Robert Frank makes brief remarks to mark new retrospective
At age 91, Robert Frank is happy to let others talk about his past.
Hundreds gathered at New York University's Tisch School of the Arts on Thursday night to celebrate the opening of a new retrospective for the renowned photographer and filmmaker.
Making a rare public appearance, Frank spoke briefly, saying he was gratified to see so many people turn out. But Frank added that he preferred thinking about the future. That's one reason he left his native Switzerland and settled in the U.S. in 1947.
"I'm glad I stayed," he said during a rare public appearance, his voice still bearing the rich accent of the country he left behind. "It's a good thing not to go back in your life."
"You could be free," Frank added about the U.S. "You could become something you couldn't become in Switzerland."
"Robert Frank: Books and Films, 1947-2016," which runs through Feb. 11, was arranged very much in the unpretentious and improvisatory spirit that Frank brought to the visual arts.
Instead of a museum, his work hangs in the lobby and on the eighth floor of the Tisch school. Unframed banners of his pictures and proof sheets from his landmark "The Americans" fill the walls and copies of his books dangle from the ceiling. The exhibit's catalog is designed like a newspaper, featuring essays about Frank and an interview in which he spoke of the bond he felt with the poor and working class people of "The Americans" and other works.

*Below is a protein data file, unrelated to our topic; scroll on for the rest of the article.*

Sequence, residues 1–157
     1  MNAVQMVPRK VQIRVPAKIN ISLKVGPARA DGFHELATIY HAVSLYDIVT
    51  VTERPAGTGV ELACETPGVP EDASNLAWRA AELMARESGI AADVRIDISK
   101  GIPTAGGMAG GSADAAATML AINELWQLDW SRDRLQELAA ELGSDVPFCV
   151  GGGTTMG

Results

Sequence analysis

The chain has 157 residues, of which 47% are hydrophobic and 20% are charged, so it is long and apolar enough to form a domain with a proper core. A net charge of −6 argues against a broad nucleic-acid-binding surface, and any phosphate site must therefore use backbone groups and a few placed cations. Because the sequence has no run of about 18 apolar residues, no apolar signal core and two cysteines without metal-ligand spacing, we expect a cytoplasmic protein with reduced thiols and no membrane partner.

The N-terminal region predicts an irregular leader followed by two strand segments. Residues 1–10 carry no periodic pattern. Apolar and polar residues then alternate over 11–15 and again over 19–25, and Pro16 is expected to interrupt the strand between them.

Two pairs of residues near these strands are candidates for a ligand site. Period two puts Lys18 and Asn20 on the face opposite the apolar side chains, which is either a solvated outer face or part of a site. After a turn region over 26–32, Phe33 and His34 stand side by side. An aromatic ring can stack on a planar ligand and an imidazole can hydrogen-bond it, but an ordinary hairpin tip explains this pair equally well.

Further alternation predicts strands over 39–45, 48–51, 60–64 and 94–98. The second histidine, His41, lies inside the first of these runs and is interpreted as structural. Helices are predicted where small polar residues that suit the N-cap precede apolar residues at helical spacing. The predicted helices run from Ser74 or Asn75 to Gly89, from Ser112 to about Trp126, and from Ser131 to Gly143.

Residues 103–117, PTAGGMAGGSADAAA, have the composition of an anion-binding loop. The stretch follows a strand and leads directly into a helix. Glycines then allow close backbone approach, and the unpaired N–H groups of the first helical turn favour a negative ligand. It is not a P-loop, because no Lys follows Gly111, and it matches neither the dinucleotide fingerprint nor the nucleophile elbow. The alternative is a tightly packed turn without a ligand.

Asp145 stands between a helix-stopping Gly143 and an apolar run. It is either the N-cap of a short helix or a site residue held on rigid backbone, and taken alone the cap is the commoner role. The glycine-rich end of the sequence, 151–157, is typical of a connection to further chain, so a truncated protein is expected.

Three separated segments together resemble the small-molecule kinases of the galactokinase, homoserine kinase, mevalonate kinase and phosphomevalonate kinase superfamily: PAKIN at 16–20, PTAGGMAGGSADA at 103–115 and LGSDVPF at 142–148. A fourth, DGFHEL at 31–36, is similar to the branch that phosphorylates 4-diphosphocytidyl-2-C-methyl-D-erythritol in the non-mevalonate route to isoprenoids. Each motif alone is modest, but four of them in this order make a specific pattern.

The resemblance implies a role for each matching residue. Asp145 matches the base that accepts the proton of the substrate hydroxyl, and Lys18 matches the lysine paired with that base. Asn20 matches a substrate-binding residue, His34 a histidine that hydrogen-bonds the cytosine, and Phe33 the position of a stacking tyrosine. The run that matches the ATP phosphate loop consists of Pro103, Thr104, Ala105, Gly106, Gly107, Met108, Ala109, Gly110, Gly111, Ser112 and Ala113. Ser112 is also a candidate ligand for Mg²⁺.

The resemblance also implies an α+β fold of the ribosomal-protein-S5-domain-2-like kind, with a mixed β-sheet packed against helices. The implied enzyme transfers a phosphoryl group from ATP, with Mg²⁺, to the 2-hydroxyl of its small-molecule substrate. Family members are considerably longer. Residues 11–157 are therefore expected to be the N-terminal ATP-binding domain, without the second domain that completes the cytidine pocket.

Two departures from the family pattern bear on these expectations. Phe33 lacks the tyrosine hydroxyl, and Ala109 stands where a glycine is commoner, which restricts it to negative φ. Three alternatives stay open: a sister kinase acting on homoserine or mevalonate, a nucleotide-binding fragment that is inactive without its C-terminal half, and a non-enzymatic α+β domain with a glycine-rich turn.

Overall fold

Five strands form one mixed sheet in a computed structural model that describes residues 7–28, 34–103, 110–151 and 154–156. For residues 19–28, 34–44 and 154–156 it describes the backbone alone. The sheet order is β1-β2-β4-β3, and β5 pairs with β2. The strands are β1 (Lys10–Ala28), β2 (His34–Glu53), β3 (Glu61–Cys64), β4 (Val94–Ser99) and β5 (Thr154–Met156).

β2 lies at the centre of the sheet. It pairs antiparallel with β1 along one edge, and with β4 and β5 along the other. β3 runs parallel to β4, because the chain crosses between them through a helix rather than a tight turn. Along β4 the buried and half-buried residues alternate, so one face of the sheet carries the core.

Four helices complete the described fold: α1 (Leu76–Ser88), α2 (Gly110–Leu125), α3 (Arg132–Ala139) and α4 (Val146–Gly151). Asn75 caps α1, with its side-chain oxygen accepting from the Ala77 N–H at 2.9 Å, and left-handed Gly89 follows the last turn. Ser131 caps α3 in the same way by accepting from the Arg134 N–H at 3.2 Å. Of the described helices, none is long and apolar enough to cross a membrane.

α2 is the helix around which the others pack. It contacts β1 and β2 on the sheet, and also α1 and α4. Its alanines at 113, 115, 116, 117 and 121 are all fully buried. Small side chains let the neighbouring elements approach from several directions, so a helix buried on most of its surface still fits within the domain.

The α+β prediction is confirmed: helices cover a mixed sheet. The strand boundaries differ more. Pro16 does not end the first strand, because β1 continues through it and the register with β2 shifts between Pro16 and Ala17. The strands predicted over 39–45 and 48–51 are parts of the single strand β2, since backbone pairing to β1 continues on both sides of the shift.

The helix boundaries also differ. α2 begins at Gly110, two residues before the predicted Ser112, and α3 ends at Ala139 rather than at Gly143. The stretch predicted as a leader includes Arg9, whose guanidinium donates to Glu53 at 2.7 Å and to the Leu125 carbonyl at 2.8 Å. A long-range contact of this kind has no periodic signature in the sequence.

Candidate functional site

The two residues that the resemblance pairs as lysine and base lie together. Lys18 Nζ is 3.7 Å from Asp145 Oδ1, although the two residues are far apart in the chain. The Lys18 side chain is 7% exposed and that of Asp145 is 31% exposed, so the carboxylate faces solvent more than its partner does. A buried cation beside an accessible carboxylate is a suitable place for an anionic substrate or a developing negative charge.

"It was very important that I could put myself in their shoes, so that I could feel something," he said. "It's the same way for me now, maybe even more so. I know that life can be hard."
The retrospective also includes copies of his correspondence and pictures of some famous people he befriended, including Yoko Ono and Allen Ginsberg. Some of Frank's movies, including the Beat classic "Pull My Daisy," will be screened at NYU.
Wearing a camouflage jacket and dark trousers, Frank looked as if he had just arrived from a field assignment. He said that he enjoyed seeing his old pictures if only because they reminded him how long an image could last. The room was filled with photography students and faculty and an audience member asked Frank what advice he might have.
"Keep your eyes open," he responded.
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